Book Review: Jolt: Get the Jump on A World That’s Constantly Changing by Phil Cooke.
On the one hand I want to endorse this book. On the other hand, I feel it falls a bit short of being the book that I’d recommend to a Christian wrestling with change. Jolt is not a bad book overall. There are some great quotes and solid principles that can be implemented. Cooke is obviously successful, and has some excellent thoughts on what it takes to adapt to a changing world, yet this book is more a collection of somewhat related essays, uneven in quality, designed to motivate more than truly equip. As someone in the midst of significant change, I was a bit encouraged, but I can’t say I was “jolted”.
I appreciated a number of his thoughts:
- Recognition that there are some things that can’t be changed.
- Ignoring reality is not a wise strategy.
- A discussion of the power of perception.
- The encouragement to stop letting fear control our choices.
- Change is inevitable and often difficult, but as Kathleen Norris writes “disconnecting from change does not recapture the past. It loses the future.”
I was bothered by two assumptions:
- Cooke tends toward the mechanistic view of life and change; i.e., “Make the right choices, take the right steps and you will succeed.” From a humanistic stance this might be somewhat understandable, but to leave God out of the worldview mix is a somewhat odd for a Christian book on change (at least that used to be odd). His suggestions are generally helpful, but as a Christian in the midst of significant change I would hope for something a bit more biblically sturdy, with the understanding that sometimes (usually) Christian living is not about tips and techniques for success, but struggle and frustration that develops character. There is a chapter on the power of faith, but the object of faith seems somewhat ambiguous.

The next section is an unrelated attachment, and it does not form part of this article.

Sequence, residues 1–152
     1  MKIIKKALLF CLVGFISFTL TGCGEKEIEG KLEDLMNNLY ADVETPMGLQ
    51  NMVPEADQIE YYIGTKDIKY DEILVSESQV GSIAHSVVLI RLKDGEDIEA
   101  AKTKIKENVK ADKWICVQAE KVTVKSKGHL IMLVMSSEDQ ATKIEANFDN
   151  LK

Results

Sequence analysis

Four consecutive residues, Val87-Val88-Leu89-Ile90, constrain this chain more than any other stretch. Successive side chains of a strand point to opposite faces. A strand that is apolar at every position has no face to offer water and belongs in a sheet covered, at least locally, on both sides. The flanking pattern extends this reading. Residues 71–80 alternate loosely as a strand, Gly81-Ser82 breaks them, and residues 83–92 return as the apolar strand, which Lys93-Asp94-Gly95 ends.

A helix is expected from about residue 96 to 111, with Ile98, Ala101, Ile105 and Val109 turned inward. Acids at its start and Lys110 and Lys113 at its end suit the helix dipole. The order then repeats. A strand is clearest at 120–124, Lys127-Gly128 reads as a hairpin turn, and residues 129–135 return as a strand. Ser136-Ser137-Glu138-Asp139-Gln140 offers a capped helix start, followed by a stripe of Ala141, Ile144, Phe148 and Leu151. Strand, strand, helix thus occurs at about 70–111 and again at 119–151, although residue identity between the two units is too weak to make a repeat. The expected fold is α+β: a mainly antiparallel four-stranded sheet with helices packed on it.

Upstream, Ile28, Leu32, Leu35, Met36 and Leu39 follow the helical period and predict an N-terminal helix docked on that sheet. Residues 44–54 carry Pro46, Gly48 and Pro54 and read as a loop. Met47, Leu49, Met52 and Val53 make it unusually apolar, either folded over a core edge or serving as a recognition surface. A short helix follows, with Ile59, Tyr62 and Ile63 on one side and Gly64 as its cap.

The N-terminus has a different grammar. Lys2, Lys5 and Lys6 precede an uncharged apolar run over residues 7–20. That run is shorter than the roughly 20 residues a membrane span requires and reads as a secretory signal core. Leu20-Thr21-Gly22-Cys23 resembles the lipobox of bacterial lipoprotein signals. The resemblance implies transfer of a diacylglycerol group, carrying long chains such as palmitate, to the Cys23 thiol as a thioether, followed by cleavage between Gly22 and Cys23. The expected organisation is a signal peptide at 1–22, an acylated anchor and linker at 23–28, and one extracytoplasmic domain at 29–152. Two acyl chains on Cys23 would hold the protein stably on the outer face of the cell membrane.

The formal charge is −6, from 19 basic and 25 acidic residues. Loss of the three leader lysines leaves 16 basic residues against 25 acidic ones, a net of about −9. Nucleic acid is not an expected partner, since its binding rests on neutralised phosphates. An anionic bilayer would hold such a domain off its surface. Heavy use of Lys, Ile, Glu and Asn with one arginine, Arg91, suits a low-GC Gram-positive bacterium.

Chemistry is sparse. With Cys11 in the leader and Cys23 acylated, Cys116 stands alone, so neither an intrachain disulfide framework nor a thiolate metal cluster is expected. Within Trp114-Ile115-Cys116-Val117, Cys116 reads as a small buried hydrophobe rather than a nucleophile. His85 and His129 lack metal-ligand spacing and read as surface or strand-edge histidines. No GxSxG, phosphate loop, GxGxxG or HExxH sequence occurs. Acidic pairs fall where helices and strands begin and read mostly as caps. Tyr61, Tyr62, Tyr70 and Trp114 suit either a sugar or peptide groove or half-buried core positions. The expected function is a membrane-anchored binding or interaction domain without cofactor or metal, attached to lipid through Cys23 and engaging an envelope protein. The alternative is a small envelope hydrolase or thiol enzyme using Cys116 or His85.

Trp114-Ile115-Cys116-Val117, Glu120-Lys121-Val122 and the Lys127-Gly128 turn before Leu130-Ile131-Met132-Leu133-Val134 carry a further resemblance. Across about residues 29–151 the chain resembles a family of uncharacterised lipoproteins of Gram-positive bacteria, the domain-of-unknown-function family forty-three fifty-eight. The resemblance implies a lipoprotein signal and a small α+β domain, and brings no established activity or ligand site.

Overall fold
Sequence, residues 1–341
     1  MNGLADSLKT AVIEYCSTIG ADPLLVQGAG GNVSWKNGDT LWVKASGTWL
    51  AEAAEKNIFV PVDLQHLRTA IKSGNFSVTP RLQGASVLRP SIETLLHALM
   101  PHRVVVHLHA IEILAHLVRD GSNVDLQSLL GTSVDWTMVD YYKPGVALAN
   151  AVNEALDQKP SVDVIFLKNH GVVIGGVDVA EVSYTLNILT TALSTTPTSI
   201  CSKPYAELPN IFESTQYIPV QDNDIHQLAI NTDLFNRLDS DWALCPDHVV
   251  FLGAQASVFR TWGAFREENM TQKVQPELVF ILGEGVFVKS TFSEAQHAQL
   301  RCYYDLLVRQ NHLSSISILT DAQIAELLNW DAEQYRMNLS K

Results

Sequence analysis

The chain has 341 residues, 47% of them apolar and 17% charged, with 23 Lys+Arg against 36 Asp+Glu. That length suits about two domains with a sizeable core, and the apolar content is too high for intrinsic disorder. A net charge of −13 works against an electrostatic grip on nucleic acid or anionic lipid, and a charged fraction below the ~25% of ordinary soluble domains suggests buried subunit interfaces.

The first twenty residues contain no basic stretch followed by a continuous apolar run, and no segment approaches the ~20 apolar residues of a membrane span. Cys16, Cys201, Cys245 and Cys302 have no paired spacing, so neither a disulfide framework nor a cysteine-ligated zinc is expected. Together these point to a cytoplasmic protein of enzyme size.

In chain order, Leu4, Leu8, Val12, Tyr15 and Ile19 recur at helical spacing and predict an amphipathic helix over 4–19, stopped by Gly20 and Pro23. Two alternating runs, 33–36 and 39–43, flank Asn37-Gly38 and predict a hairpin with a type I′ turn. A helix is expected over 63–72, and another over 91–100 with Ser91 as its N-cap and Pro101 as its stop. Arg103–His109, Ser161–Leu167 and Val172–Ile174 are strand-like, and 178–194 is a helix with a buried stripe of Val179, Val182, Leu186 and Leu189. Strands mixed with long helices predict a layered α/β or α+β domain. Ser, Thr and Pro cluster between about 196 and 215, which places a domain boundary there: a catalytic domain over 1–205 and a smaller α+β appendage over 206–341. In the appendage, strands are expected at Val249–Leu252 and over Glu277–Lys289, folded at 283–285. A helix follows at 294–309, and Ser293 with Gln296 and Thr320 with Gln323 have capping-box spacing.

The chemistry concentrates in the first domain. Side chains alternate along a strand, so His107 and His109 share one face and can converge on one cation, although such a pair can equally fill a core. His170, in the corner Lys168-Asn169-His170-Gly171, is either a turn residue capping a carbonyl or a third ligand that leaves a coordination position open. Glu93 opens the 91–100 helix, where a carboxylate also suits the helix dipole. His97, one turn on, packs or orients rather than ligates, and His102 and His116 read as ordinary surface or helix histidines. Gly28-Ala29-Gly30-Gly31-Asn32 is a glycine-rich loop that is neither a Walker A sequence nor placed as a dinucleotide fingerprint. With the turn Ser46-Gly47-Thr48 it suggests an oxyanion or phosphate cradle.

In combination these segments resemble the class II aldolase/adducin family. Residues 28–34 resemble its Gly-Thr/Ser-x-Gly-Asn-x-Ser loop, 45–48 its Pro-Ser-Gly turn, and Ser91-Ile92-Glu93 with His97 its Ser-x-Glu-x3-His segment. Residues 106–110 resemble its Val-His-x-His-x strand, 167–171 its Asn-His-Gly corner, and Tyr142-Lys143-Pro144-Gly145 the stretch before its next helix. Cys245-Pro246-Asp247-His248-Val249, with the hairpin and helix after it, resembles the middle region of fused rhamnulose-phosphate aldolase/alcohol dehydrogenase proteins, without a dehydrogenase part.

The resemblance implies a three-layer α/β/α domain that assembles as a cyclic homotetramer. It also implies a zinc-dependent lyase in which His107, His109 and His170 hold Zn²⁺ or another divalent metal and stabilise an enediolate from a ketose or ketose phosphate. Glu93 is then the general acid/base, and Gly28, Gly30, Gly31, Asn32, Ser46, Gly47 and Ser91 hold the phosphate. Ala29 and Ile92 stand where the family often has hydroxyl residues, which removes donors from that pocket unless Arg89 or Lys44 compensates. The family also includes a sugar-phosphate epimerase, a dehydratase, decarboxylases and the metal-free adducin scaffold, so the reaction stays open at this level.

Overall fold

- Everyone is special if they want to be and that we all can be successful, creative, and significant. I’ve written about this before – not everyone is “special”. Some of us are just ordinary or average. And that is OK.
So. Jolt is not a bad book. You might find it helpful, but I found it to be more of a mild bump.
Disclosure of Material Connection: I received this book free from Thomas Nelson Publishers as part of their BookSneeze.com book review bloggers program. I was not required to write a positive review. The opinions I have expressed are my own.